Page:A History of the Inquisition of the Middle Ages-Volume I .pdf/300

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The matter was made worse by the fact that everywhere the laity welcomed the intruders and preferred them to their own curates. The fervor of their preaching and their reputation for superior sanctity brought crowds to the sermon and the confessional. Training and experience rendered them far more skilful directors of conscience than the indolent incumbents, and there arose a natural popular feeling that the penance which they imposed was more holy and their absolution more efficacious. If the beneficed clergy complained that this was because they soothed and indulged their penitents, they were able to retort with justice that the laymen preferred them for themselves and their wives rather than the drunken and unchaste priests who filled most of the parishes. A friar would come and set up his portable altar, as he said, for a day. His preaching was attractive ; penitents aroused to a sense of their sins would hasten to confess ; his stay was prolonged and he became a fixture. If the place was populous, he would be joined by others. The gifts of the charitable would flow in. A modest chapel and cloisters would be provided, which grew till it overshadowed the parish church and was filled at its expense. Worse than all, the dying sinner would assume the robe of the Mendicant on his death-bed, bequeath his body to the friars, and make them the recipient of his legacies, leading to a prolonged and embittered renewal of the old ghoul-like quarrels over corpses. In 1247, at Pamplona, some bodies long lay unburied owing to a fierce contention between the canons and the Franciscans ; and a division of the spoils, by which a share varying from a half to a quarter, was allotted to the parish priests, only gave rise to new disputes. Whenever an open conflict arose, however much the pope might deprecate scandal, the decision would be almost certainly in favor of the friars, and the clergy saw with dismay and hatred that the upstarts were supplanting them in all their functions, in the veneration of the people, and in the profitable results of that veneration. When, in 1268, a popular uprising against tyranny occurred in Holland and Guelderland, and, encouraged by success, the rebels formulated a policy for the reformation of society, they proposed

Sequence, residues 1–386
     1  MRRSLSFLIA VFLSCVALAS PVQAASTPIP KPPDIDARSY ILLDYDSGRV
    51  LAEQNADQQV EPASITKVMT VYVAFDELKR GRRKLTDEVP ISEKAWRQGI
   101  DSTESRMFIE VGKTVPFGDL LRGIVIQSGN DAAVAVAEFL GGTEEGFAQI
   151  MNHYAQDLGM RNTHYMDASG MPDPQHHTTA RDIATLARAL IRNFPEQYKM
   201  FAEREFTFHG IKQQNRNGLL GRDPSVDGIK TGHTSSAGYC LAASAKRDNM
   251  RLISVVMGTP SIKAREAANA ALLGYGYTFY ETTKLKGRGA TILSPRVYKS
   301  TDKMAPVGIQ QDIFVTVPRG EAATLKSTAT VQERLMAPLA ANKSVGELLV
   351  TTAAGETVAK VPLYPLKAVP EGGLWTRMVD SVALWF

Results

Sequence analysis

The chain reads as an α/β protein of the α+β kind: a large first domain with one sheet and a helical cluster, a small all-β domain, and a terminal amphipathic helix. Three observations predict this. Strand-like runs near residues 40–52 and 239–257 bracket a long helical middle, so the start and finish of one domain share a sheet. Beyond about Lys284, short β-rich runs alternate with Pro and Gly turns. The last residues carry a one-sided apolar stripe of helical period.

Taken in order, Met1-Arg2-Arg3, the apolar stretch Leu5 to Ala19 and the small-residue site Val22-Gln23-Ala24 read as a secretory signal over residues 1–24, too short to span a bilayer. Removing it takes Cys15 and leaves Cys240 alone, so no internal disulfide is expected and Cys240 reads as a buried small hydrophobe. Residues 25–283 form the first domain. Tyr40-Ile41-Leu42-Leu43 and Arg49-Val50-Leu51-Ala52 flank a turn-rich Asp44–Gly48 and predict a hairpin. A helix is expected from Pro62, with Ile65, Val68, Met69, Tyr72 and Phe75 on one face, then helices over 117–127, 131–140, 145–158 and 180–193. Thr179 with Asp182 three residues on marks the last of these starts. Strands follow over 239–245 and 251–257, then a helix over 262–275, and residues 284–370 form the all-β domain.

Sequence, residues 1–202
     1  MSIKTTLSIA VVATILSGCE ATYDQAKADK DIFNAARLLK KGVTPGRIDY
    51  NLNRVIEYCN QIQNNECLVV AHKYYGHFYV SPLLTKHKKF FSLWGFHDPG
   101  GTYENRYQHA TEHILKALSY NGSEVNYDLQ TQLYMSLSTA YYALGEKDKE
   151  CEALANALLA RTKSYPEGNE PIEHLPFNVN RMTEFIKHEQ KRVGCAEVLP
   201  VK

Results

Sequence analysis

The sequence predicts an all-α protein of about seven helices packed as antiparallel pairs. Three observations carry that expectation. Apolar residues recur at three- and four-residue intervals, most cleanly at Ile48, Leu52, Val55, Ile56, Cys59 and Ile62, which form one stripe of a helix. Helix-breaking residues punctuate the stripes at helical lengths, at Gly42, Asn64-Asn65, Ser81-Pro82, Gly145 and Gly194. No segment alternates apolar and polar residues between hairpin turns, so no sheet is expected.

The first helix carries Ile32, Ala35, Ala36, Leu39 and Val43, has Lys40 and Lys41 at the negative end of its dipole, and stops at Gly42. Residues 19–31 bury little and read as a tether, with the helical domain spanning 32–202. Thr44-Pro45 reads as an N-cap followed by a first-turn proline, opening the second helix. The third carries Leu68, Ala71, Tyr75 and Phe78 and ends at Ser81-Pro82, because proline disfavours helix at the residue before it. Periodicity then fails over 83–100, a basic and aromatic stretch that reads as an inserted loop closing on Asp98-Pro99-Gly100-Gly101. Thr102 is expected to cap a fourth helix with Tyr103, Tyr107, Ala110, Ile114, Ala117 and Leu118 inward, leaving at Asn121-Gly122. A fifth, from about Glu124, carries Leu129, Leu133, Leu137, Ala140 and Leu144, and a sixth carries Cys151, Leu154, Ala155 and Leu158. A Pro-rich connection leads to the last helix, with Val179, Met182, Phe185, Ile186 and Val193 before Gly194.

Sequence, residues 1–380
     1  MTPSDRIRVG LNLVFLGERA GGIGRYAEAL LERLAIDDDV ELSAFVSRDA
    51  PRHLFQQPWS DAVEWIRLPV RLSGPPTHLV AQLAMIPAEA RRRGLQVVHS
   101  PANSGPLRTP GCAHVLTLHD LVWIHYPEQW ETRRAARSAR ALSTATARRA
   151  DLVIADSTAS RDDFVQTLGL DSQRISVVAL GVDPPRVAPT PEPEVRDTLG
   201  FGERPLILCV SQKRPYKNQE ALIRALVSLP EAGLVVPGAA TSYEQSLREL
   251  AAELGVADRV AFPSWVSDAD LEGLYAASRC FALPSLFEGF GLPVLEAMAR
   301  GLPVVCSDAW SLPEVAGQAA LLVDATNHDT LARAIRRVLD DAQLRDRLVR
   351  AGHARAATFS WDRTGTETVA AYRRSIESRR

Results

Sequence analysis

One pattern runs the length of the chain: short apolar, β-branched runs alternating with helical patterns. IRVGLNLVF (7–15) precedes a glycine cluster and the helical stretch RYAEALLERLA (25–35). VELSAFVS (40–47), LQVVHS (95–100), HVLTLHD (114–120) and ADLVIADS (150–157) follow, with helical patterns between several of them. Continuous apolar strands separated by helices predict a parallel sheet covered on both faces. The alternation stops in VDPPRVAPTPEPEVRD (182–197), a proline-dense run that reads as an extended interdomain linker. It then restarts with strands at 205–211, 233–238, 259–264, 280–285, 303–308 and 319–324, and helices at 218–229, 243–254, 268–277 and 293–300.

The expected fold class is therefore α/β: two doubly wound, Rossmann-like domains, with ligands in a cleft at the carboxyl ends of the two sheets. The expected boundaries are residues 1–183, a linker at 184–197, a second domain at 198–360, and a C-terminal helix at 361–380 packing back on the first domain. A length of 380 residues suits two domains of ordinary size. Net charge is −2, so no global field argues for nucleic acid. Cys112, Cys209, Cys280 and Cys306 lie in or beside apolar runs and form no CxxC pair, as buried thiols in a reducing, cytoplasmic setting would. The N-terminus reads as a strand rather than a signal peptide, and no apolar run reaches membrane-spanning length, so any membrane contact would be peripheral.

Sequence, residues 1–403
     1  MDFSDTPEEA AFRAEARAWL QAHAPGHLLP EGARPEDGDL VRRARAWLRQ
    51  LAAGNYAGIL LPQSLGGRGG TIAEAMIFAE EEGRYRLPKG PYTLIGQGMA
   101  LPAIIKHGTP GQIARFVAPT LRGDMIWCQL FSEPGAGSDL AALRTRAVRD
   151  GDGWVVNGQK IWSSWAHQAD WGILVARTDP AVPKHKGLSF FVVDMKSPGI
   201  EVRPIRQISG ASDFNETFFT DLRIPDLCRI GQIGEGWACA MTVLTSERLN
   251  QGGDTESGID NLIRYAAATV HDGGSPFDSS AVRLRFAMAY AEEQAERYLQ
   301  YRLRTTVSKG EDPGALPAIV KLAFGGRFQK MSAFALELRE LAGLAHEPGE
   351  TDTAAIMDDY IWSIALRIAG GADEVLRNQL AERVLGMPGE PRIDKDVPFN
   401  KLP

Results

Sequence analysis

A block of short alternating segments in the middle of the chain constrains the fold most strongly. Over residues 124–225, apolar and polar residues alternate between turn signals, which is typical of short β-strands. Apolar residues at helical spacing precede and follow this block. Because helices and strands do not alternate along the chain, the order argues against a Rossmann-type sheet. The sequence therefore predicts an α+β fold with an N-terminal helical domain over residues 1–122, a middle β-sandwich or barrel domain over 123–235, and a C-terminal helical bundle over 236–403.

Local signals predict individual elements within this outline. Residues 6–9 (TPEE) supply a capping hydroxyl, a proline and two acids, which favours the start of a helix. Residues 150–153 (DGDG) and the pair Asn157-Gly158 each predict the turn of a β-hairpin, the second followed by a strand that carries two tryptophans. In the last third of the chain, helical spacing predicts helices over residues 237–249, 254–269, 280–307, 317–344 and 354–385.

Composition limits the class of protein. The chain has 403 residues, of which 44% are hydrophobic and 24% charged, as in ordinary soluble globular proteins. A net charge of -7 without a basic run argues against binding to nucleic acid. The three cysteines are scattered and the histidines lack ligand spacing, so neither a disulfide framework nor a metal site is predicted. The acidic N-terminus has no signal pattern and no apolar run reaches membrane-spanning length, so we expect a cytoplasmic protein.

to both Jordan and Elias, the generals of the two Orders, to let him have friars, as his diocese was large and he required help in the duties of preaching and hearing confessions. — Fascic. Rer. Expetend. et Fugiend. II. 334-5. (Ed. 1690).